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By Andrew Hood
Steven Cozza had never raced anything longer than 230km and he had never raced against the big boys in a world championships.
Now the 23-year-old can tick both of those off his list. Cozza led the five-man U.S. worlds squad with a very solid 23rd at 1:40 back of winner Alessandro Ballan as part of the first chase group in a very successful men’s elite world’s debut.
“I would have just been happy to have finished, but I started to feel better as the race went on and I kept making all the splits,” Cozza told VeloNews. “It felt good to be in the action. I wish I had raced the final lap a little different. It was really confusing what was going on. There were attacks everywhere. It was hard to know exactly what was going on.”
Cozza’s result equaled the best by an American in last year’s worlds with George Hincapie.
Tyler Farrar, fresh off a stage win in a French stage-race Wednesday, crossed the line 63rd at 10:33 back while Lucas Euser also finished his first worlds in 76th at 22:49 back.
Brent Bookwalter and David Zabriskie, winner of the bronze medal in the men’s elite time trial, did not finish.
The young team held up well. Only Zabriskie and Farrar had raced an elite worlds before and for Euser, Bookwalter and Cozza, it was the longest distance they’ve ever raced.
“The race didn’t start until 180km,” Cozza said. “Once you see the big guys take their vests off, then you know it’s time to put on your seatbelt.”
Cozza was impressed what he saw. He watched Italy dominate the race, putting men into breakaways, out-foxing the Spanish and then placing three riders into the winning, 13-man break.
“I just followed Bettini and watched everything he did. I watched what gear he rode, I watched what he eat, when he drank,” he said. “Every last lap I drank a Coke.”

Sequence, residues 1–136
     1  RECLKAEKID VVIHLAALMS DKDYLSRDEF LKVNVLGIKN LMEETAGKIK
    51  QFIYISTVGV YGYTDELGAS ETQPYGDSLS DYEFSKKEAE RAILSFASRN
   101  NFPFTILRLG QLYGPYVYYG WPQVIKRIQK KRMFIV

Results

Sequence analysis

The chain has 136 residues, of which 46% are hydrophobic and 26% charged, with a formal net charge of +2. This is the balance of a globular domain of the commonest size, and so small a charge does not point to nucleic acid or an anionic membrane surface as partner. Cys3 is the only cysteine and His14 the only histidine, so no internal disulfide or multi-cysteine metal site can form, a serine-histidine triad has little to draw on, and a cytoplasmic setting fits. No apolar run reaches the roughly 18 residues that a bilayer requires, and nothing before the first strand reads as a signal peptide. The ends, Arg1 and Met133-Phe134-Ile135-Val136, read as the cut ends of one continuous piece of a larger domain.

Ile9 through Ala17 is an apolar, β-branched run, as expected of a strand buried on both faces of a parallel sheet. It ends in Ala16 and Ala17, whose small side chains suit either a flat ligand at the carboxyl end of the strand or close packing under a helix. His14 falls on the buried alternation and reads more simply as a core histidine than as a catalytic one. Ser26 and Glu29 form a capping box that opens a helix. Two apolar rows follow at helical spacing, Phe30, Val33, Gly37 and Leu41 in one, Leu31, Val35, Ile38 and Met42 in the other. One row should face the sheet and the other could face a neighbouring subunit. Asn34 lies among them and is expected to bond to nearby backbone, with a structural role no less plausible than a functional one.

A three-man breakaway peeled away early in the race, but Farrar said the team didn’t want to waste its energy following the early move.
“It’s one thing if it’s going to be a bigger group, then you want to be out there, but everyone knew those three guys didn’t stand a chance,” Farrar said. “That (Ronchi) climb was just a little too hard for me and I lost contact with two laps to go. Every year I am getting better, so maybe in another few years, I will be able to follow those big moves on a course like this.”
Farrar, 24, will end up his season with a shot at some of the fall classics.
“It was just good to get in the full distance in my legs. I’m racing next at Paris-Tours, a race that’s a little better suited for me than this course,” Farrar told VeloNews. “Getting the win in France. It’s always nice to win in Europe. The last two months, I’ve been going really well. At Missouri and Poland, I was right there in the sprints, always second, third, fourth. I knew I had good form, I just needed that little bit of luck.”
Team director Noel Dejonckheere said he was encouraged by the team’s performance.
The Belgian was in the U.S. team car and knew the riders well – all five rode under him as part of USA Cycling’s national development team based in Belgium.
“Overall, I’m really satisfied. Zabriskie was really focused on the time trial and Brent was added to the team at the last minute and is just getting over being sick, so to do this well while only having three guys at full strength is impressive. I think they did much better than even they thought,” he told USA Cycling’s Andy Lee.
While the U.S. will likely never have a worlds team as deep and strong as the Italians, Spanish or Belgians, Dejonckheere said the new crop of emerging U.S. pros says things are in the right direction.
“For a small to race that well over 260km against veteran teams at full strength like the Spanish and Italians shows that they’re only two or three years away from really contending,” he continued. “We’ll keep moving forward and see what happens.”
The U.S. team leaves Varese with two medals. Zabriskie mined bronze in the men’s time trial while Amber Neben struck gold in the women’s time trial.